What is the Question?
The question has been raised (obviously elsewhere, but particularly in this forum) about who should should get the vote of undecided voters in the upcoming U.S. presidential election. What I believe to be the Implicit underlying question is whether to vote for a 3rd-party candidate whose policies are more aligned with popular opinion, such as Ralph Nader or Cynthia McKinney. The question should be somewhat more nuanced – not “Who should undecided voters vote for?”, but “Where should voters cast their ballot for a 3rd-party?”. (For those who are having difficulty deciding between Obama or McCain, this response will likely not be helpful.)
Fellow contributor Uri Strauss continues to make the pitch to vote for Ralph Nader, based on the popularity of his platform and the agreement on “virtually everything” of the Democrat and Republican presidential platforms. There is no question for him, and for many others, as to who to vote for – the two major parties offer few, if any, differences in policy, and therefore we should choose a 3rd-party candidate.
There is a critical assertion made in this argument which should be repudiated because, once repudiated, it would lead to more effective strategies for enacting popular policies in the country, and the world (by virtue of U.S. power). That assertion is that the U.S. government is a constitutional democracy. This assertion is false, both in theory and in practice, and left unrecognized, popular movements will face little, if any, electoral success.
Not Exactly a Democracy
The United States, institutionally, is a democratic representative government – not a democracy. The difference is stark: a democracy is one in which the population decides policy. A representative government is one in which (in theory) the population selects representatives to decide policy. The historical necessities or difficulties of either form of government can be debated, but that there is a significant difference cannot, as it is a matter of fact.
The United States, in practice, is an undemocratic form of government, with representatives of the population beholden to the business/ownership class of the country on all significant policy issues. This is almost indisputable to a majority of the population, as reflected in disapproval ratings of 75% for Congress, and a 27% approval rating for the President. Overall trust in government is tied with the lowest point, measured in 1973, with only 26% of the population answering the question “are you satisfied or dissatisfied with the way the nation is being governed” in the affirmative. Yet another Gallup poll has the satisfaction with the current course of the country at 17%. These are not new (as the source graphs will show) and in a true democracy, would not be tolerated, and certainly not for such a long time.
Our Elections are Rigged
Additionally and unsurprisingly, elections for representatives are not free and democratic. The Supreme Court has ruled that not only are wealthier citizens entitled to more “free speech”, but that corporations, the largest concentrations of wealth in the country, are allowed to use that wealth to influence elections. That wealth is perhaps the most dominant factor in elections has been true for some time, however these decisions codified that truth. Other non-legal forms of exclusion of potentially popular candidates compound the difficulty of being a valid candidate. Because democracy depends on the exchange of information, and because the ability to convey information (via mail, radio, television) costs vast sums of money, it is self-evident that only candidates with money are able to viably compete in elections. These facts are so uncontroversial that this year’s record projected costs of $1.2 billion for the presidential campaigns and $1.16 billion for congressional races merely underscore the point.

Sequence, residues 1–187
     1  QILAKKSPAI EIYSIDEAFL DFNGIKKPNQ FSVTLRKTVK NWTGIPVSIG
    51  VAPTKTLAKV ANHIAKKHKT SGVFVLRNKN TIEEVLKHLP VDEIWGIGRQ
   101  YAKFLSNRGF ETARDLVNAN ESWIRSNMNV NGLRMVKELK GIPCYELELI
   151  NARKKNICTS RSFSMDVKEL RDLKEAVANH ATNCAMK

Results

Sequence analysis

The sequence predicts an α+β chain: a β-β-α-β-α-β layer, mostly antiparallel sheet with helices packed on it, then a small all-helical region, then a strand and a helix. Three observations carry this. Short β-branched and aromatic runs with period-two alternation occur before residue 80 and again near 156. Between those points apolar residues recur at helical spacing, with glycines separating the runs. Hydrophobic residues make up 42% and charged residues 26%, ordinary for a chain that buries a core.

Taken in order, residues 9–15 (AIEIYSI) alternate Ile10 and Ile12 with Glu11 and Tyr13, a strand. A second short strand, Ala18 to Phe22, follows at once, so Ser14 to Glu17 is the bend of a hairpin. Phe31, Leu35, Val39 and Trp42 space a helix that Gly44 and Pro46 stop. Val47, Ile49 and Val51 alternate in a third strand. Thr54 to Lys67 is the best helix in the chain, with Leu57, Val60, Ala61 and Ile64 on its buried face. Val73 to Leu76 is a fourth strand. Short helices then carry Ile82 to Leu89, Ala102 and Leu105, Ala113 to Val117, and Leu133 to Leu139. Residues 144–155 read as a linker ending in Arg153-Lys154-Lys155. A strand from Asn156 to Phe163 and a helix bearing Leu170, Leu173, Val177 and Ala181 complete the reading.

Elections for political offices in the U.S. are not about who is the best candidate – it is about avoiding the lesser of two evils. Large legal and class forces push elections in that direction, as does the actual voting mechanism: 1 vote for 1 candidate. The latter could easily be addressed with Instant Runoff Voting (IRV), which is in use in parts of the U.S. and around the world, but for obvious reasons faces great difficulty for adoption in higher political office elections.
So the situation that we are in is one in which tremendous legal and institutional forces, in combination with large concentrations of wealth, shape for us an election in which there are only two viable candidates. The question then arises: are there significant differences between the two?
Are There Significant Differences?
I’ll leave the discussion as to differences in past elections (Gore vs. Bush, Kerry vs. Bush), but for the current election, I certainly agree that Barack Obama and John McCain are almost on par with the destruction they will wreak in foreign policy, environmental policy, criminal justice policy, drug policy, and many more issues in which they truly are in agreement on “virtually everything”. However, there are at least three issues which they have nearly oppositional policies which are of great significance to many, if not all, people in this country (and elsewhere). While this is not a comprehensive description of their differences, those differences are: